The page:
The happenstance discovery of quinine is reasonably well known, but with Cinchona pubescens flowering recently in Melbourne’s Royal Botanic Gardens and my rediscovery of a picture I took a few years ago in the streets of Paris, it’s time to tell it again.
It is said the treatment of malaria with quinine was the first successful use of a chemical compound to treat an infectious disease. Let’s not debate whether the many herbal concoctions used to great effect for thousands of years predate the use of quinine, but simply reflect on the serendipity that led to less people succumbing to malaria.
From early in the seventeenth century the bark of the cinchona tree was used by Jesuit missionaries in South America to treat malaria, most probably borrowing from its use by the native people of the area.
No-one seems sure but it’s possible a South American villager with high fever drank from a pool of stagnant water, noticing that it tasted quite bitter. The source of the bitterness was the surrounding quina-quina (as cinchona was called locally). However instead of being poisoned, as he feared, our villager began to recover. And so his village began to use this plant product to treat fever.
This story remains credible despite malaria not occurring in the Americas until the Europeans arrived and quina-quina not being mentioned in any of the early accounts of traditional remedies. Perhaps this happy event coincided with the arrival of the first Europeans or initially helped reduce a fever not related to malaria.
Another variation on the story is now considered to be untrue. In this one the Spanish Countess of Chinchon used the bark of the quina-quina to cure a fever she picked up in Peru, and then introduced the plant into Europe in 1638. True or not, the father of plant taxonomy, Carl Linnaeus, named the genus Cinchona after her.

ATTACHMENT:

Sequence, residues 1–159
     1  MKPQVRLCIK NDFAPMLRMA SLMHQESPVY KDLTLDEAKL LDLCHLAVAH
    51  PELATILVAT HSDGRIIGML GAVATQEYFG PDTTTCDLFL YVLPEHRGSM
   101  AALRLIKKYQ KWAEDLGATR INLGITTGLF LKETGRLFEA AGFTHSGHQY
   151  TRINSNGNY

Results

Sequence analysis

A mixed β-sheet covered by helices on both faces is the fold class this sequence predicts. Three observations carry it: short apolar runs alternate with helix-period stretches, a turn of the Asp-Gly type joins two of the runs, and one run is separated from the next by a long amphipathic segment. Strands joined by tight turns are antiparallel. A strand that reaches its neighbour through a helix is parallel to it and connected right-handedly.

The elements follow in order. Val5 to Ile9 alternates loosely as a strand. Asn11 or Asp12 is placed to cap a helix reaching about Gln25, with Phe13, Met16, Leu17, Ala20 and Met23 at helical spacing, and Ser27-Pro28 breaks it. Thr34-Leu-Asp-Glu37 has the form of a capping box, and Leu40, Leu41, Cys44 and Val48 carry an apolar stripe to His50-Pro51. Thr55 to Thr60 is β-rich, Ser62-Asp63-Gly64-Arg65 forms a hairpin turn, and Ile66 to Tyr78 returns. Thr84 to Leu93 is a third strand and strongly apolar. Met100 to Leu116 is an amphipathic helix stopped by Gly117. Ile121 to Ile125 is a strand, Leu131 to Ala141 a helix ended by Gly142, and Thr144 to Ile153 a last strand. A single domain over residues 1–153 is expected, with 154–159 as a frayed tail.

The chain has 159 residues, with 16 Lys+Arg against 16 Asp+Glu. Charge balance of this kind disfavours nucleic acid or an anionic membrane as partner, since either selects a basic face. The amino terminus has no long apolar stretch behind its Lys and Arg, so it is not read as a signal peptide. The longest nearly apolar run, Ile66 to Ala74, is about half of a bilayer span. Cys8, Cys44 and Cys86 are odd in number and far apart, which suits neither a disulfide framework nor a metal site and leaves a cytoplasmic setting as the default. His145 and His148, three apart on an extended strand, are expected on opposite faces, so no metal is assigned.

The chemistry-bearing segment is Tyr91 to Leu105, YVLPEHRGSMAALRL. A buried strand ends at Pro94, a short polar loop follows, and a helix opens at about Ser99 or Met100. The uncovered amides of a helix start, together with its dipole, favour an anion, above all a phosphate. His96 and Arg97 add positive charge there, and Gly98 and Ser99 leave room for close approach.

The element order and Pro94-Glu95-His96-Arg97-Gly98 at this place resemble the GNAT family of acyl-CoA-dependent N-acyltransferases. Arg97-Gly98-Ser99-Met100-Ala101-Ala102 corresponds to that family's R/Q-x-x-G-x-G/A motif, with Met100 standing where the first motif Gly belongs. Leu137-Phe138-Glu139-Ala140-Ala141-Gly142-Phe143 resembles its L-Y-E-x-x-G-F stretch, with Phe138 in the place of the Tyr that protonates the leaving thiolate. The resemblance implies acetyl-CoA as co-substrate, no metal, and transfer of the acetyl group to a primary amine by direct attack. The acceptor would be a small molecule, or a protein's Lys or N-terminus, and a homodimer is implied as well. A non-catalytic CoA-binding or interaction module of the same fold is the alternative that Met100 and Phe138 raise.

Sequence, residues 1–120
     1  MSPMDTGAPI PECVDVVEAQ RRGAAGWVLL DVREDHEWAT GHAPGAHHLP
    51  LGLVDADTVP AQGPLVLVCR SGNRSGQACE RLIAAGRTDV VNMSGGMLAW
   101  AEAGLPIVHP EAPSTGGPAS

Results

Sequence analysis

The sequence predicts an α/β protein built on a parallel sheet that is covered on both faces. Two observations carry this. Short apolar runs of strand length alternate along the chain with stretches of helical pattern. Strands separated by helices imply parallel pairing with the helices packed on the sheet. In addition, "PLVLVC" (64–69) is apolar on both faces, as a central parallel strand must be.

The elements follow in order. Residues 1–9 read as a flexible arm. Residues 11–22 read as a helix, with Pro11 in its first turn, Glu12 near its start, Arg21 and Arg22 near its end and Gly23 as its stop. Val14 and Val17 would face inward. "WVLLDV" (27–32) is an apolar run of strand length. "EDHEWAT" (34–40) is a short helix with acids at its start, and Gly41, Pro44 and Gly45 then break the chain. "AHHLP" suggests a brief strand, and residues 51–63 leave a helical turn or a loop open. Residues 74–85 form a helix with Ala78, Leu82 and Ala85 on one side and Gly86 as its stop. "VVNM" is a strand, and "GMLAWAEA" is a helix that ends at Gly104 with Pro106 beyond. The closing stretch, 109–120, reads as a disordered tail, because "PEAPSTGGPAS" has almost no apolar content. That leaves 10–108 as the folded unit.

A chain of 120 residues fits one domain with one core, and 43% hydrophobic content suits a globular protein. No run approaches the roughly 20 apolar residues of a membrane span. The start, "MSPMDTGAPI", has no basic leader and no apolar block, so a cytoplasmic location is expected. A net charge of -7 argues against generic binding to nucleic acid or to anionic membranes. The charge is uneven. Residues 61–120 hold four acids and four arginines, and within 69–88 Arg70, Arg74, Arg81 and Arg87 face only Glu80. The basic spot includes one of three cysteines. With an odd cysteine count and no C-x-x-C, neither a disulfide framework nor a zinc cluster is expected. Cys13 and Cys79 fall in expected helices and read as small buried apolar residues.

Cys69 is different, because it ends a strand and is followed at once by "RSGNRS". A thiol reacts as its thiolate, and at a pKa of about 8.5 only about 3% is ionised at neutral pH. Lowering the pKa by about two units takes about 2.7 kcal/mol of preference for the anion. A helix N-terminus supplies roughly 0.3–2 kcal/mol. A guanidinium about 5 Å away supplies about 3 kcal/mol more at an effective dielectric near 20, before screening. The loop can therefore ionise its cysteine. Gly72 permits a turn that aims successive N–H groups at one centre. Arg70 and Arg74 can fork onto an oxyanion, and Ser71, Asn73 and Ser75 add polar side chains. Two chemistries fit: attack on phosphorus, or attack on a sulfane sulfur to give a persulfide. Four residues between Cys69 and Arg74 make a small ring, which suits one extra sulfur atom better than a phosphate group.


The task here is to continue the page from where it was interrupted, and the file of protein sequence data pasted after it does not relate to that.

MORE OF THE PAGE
No matter how it started, the bark took off as a malaria treatment and you can find samples in various museums of economic botany. Here is some in the Economic Botany Collection at Royal Botanic Gardens Kew, and you can find out much more about the history of cinchona on the same website.
Cinchona is one of more than 600 genera in the mostly tropical plant family Rubiaceae, also home to coffee (Coffea) and various other plants containing interesting and important chemicals. There are 23 species of Cinchona, all of which grow naturally in the Andes, and most of which contain at least some quinine. Cinchona pubescens has the most.
So what about this memorial (somewhere near the Jardin du Luxenbourg if I remember rightly) to Professeurs Pierre Pelletier and Joseph Conventou? In 1820 they were the first to extract and purify what they called quinine from the bark of Cinchona. Prior to their work the bark itself was dried, ground to a powder and then mixed directly into a liquid such as wine.
Quinine from cinchona remained the main malaria treatment for the next hundred years, until synthetic products (also from the ‘-quine’ chemical family) proved to be even more effective. However in the late 1950s resistance began to develop in some forms of the malaria bug (Plasmodium falciparum). Quinine itself was reintroduced, particularly for severe cases, and it still remains part of the medical treatment of malaria.
Perhaps more interestingly (at least to an algal botherer – phycologist – such as myself) is that Plasmodium is a close relative of the dinoflagellate, a kind of alga best know for causing red tides and colouring up corals. Because of this relationship, the herbicide roundup can be used to kill Plasmodium cells. Roundup (glyphosate) disrupts chemical reactions within ‘plastids’, the package of photosynthetic apparati found in all algae and green plants, and there are vestigial plastids in Plasmodium. That’s worth a statue, and the name Geoff McFadden from The University of Melbourne (a phycological colleague of mine and keen surfer as this picture from his website demonstrates) would be carved on at least one side.